# How to find a solution to an inequality system?

I need to find a solution to the following system of linear inequalities:

\begin{align} x_1-x_2 &\le 1\\ x_1-x_4 &\le -4 \\ x_2-x_3 &\le 2 \\ x_2-x_5 &\le 7 \\ x_2-x_6 &\le 5 \\ x_3-x_6 &\le 10 \\ x_4-x_2 &\le 2 \\ x_5-x_1 &\le -1 \\ x_5-x_4 &\le 3 \\ x_6-x_3 &\le -8 \end{align}

In contrast to my previous question there should be a solution for this system. Is there any systematic way to find a solution?

• Linear programming is designed for this. Commented Nov 26, 2019 at 22:49
• @DonThousand On the contrary, linear programming doesn't find the solution to the inequalities, This would require finding all the vertices of the simplex, rather than just one at which the optimum of the objective function (lacking here) is attained. Commented Nov 26, 2019 at 22:54
• @saulspatz True, I just meant the general style of problem. Commented Nov 26, 2019 at 22:56
• What do you mean by a solution? The solution set is a region in $6$-dimensional space, formed by the intersection of $10$ closed half-spaces. What form do you expect a solution to take that is simpler than what is given? If the solution set turns out to be bounded, it's the convex hull of a finite number of points. Is that what you want? What if the solution set isn't bounded? Commented Nov 26, 2019 at 23:03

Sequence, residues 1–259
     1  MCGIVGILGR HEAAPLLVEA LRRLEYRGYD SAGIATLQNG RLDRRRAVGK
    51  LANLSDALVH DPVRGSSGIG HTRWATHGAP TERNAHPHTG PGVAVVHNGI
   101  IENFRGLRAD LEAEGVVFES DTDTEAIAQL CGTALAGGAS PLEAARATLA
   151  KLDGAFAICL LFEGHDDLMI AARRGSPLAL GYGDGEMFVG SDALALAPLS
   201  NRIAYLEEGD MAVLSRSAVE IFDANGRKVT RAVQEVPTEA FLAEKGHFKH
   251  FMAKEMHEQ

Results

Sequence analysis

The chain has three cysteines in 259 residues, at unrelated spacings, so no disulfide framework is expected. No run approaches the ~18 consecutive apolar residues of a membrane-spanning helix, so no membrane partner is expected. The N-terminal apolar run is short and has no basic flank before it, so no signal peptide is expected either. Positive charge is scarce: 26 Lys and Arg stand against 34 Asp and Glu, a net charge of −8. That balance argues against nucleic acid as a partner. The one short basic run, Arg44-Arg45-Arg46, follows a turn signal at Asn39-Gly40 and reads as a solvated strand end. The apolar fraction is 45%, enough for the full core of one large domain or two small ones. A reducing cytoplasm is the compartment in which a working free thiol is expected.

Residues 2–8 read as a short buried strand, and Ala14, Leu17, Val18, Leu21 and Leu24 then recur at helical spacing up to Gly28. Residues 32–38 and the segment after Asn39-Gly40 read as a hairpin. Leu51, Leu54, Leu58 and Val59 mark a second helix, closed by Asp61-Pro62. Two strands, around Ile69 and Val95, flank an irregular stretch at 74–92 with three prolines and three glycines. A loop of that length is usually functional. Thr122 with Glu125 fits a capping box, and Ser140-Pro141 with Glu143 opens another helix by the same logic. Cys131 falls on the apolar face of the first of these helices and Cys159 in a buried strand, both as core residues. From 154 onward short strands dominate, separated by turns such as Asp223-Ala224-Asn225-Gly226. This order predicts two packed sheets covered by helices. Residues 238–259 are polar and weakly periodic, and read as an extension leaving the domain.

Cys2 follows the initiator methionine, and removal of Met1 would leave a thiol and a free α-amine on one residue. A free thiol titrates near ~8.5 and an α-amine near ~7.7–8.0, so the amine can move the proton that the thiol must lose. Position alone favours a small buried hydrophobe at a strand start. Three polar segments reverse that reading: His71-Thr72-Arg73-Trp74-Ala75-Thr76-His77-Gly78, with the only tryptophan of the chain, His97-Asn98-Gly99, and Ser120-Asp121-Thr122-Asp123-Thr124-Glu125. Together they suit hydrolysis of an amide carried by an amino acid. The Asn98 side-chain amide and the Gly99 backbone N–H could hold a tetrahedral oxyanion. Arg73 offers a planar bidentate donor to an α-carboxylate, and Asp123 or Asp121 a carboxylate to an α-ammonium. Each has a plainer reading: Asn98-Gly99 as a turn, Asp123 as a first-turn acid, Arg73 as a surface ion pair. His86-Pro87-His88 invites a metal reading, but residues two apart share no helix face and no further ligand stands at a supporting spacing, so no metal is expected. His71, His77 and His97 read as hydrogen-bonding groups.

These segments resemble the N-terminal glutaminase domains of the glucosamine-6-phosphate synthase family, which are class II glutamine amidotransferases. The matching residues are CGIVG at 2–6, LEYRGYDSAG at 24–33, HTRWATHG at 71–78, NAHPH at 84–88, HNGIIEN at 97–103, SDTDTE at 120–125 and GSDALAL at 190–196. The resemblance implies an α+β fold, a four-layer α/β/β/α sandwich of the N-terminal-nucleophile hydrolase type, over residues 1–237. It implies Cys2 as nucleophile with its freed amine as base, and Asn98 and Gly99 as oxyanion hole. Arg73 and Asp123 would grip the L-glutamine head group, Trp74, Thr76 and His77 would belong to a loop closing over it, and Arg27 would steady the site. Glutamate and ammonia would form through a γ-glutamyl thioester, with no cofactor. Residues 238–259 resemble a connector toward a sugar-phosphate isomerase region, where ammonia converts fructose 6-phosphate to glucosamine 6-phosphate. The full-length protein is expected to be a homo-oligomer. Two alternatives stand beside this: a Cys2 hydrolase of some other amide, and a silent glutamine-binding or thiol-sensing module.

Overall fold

• Any one of the infinitely many solutions will do? Commented Nov 26, 2019 at 23:11

Using linear programming (LP) with a constant zero objective, I found the following feasible solution: $$x=(-6, 0, 2, 8, -7, 0).$$

By the way, this LP is the dual of a network LP, hence the constraint matrix is totally unimodular.

This is a linear program without an objective. Algorithms for solving linear programs include the simplex algorithm (Phase I is enough when there is no objective), the ellipsoid algorithm, and many others. https://en.wikipedia.org/wiki/Simplex_algorithm